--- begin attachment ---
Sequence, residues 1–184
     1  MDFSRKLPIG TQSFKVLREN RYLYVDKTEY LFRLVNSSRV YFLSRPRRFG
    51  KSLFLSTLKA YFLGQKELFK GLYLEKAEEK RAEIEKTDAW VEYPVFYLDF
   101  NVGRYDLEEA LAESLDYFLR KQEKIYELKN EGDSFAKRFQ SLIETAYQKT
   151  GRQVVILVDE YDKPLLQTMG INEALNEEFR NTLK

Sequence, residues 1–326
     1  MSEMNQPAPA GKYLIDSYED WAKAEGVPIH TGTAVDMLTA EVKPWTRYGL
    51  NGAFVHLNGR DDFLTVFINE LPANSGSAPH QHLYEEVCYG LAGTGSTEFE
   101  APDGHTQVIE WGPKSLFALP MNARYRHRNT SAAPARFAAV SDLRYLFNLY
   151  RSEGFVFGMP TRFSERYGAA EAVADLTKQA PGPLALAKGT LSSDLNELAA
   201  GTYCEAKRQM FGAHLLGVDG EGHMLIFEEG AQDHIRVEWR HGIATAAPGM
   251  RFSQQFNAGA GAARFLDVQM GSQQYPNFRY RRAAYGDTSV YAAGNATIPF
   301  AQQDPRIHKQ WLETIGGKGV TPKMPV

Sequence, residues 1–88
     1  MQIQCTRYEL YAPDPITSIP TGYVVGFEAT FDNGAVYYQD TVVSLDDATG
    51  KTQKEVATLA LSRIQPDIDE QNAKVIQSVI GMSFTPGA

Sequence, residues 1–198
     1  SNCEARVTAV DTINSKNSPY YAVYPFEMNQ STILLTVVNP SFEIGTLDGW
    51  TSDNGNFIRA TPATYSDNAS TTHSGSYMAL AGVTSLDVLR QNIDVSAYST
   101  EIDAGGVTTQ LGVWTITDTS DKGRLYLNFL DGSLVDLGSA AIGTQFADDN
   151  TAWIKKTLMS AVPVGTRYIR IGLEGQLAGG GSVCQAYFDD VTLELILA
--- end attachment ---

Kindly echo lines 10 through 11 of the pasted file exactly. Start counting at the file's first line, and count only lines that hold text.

   151  RSEGFVFGMP TRFSERYGAA EAVADLTKQA PGPLALAKGT LSSDLNELAA
   201  GTYCEAKRQM FGAHLLGVDG EGHMLIFEEG AQDHIRVEWR HGIATAAPGM